The last thing you’d want is for them to feel as if they have to keep things from you. They may be afraid of hurting you by saying they had fun or that they loved the gift that Daddy’s girlfriend gave them. It might be coolest thing EVER!! They’re not saying they prefer your ex or their new partner to you. Your children are just trying to tell you how much they like the gift. And if they do like daddy’s new girlfriend, isn’t that better for them than being in a place where they are afraid or uncomfortable? They love you – that is not at risk here. It isn’t a competition and never will be. That can be hard to remember when we are feeling sad and vulnerable.

  • Don’t use your children as conduits or messengers.

  • Don’t feel you have to buy them gifts to assuage your undeserved guilt

  • Don’t feel you have to buy them better or more gifts than usual to make up for the separation. Their pain is normal, as is yours. Toys and iPhones won’t fix that. Plus they need to learn that these feelings are hard but manageable and that the healthy way to deal with them is to express them and get support. This will mean witnessing your children’s pain, but no better witness than you. Just be there. That’s enough.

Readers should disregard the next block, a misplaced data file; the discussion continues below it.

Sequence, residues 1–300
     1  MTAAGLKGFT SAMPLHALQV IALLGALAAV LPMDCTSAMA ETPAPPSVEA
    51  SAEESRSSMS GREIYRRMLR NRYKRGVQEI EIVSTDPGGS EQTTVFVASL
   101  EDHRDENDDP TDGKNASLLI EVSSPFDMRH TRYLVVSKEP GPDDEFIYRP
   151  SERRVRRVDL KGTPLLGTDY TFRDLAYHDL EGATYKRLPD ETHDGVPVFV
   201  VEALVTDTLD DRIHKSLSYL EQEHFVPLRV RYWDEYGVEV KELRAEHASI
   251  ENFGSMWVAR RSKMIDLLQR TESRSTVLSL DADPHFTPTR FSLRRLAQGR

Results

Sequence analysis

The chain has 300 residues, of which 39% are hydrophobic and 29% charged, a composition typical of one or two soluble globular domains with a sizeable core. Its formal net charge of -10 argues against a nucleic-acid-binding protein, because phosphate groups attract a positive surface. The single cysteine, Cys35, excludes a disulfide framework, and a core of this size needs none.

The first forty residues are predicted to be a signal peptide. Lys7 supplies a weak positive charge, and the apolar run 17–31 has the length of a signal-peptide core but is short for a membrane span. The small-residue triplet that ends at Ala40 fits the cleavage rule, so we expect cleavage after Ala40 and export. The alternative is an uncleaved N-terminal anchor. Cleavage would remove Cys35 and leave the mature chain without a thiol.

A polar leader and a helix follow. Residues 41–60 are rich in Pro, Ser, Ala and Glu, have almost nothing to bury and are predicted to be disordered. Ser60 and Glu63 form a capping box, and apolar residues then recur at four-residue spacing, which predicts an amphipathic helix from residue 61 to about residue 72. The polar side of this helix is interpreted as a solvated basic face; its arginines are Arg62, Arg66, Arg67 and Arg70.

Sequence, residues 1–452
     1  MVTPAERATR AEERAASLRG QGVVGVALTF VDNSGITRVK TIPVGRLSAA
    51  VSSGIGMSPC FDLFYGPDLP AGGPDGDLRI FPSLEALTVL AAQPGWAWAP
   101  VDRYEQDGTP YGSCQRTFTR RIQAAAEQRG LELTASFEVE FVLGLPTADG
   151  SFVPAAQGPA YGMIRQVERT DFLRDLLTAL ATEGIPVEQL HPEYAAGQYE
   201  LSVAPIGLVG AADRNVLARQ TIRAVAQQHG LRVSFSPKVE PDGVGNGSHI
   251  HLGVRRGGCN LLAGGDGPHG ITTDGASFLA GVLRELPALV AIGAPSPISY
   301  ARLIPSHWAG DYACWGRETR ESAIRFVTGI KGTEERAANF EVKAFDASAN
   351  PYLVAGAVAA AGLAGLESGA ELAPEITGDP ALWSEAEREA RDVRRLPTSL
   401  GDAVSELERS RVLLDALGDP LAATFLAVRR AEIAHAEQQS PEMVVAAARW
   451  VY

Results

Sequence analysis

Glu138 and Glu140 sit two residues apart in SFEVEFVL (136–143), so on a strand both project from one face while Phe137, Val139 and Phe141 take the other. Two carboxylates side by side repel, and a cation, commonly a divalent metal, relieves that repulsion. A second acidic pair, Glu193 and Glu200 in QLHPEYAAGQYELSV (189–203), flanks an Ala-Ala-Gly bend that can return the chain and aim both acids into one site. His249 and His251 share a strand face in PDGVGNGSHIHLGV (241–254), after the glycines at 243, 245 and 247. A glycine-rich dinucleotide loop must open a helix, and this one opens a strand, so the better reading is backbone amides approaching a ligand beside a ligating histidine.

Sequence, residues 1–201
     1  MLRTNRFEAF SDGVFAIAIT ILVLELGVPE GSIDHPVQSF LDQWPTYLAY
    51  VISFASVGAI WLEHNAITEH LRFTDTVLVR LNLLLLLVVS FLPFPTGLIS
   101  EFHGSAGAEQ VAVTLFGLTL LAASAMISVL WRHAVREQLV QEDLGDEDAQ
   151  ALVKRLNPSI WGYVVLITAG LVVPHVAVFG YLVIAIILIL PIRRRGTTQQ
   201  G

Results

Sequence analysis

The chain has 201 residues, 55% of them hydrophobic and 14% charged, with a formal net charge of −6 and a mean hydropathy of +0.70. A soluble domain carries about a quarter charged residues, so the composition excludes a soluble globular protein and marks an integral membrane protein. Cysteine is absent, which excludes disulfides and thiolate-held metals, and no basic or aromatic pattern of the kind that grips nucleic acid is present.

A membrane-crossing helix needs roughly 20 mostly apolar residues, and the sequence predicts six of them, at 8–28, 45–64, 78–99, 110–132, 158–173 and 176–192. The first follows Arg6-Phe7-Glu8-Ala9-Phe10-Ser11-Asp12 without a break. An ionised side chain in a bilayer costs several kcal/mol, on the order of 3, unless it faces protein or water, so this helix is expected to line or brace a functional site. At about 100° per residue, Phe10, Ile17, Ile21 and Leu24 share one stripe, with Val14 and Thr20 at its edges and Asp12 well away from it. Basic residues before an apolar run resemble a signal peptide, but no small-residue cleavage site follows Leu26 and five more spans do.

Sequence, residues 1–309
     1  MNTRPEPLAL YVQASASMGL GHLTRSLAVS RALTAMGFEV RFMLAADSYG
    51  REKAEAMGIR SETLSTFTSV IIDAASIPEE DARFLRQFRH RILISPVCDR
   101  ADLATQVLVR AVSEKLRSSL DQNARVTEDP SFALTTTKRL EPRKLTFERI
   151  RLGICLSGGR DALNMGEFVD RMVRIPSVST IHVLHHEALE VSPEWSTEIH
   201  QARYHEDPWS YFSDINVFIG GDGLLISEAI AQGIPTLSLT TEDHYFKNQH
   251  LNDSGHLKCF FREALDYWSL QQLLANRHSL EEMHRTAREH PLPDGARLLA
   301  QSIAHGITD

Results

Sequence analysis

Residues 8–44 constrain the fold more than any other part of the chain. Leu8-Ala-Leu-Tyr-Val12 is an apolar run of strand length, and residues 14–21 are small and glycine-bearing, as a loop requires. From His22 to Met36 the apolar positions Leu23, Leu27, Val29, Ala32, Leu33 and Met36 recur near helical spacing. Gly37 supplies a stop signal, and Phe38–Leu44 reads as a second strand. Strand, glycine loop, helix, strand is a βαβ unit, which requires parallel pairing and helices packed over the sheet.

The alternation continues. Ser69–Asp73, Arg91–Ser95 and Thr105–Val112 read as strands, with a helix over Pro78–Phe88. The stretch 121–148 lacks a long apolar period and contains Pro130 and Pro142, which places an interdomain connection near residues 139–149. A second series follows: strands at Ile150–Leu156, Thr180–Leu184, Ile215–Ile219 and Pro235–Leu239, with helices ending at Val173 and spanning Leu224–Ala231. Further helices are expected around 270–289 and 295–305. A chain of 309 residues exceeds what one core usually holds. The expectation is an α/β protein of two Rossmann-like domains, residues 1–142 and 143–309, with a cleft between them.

That’s parenting aced. Good luck. Sincerely. 

Big PS: If you are apart due to your partner being abusive, then feel OK about not allowing your kids to be at risk of that abuse. If this is the case then some of my tips will not be practical / possible / safe. If this is you, then I strongly advise seeking legal and psychological counsel.